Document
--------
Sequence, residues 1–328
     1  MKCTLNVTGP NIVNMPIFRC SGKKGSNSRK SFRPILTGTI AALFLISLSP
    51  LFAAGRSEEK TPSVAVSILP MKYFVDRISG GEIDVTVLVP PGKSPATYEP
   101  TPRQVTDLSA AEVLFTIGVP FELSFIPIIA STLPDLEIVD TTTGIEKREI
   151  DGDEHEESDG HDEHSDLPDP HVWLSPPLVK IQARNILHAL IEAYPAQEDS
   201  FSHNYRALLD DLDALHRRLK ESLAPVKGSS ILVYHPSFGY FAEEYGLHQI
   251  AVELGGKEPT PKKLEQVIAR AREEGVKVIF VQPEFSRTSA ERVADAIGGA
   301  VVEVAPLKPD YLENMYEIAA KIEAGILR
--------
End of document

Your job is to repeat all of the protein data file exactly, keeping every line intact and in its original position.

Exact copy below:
Sequence, residues 1–328
     1  MKCTLNVTGP NIVNMPIFRC SGKKGSNSRK SFRPILTGTI AALFLISLSP
    51  LFAAGRSEEK TPSVAVSILP MKYFVDRISG GEIDVTVLVP PGKSPATYEP
   101  TPRQVTDLSA AEVLFTIGVP FELSFIPIIA STLPDLEIVD TTTGIEKREI
   151  DGDEHEESDG HDEHSDLPDP HVWLSPPLVK IQARNILHAL IEAYPAQEDS
   201  FSHNYRALLD DLDALHRRLK ESLAPVKGSS ILVYHPSFGY FAEEYGLHQI
   251  AVELGGKEPT PKKLEQVIAR AREEGVKVIF VQPEFSRTSA ERVADAIGGA
   301  VVEVAPLKPD YLENMYEIAA KIEAGILR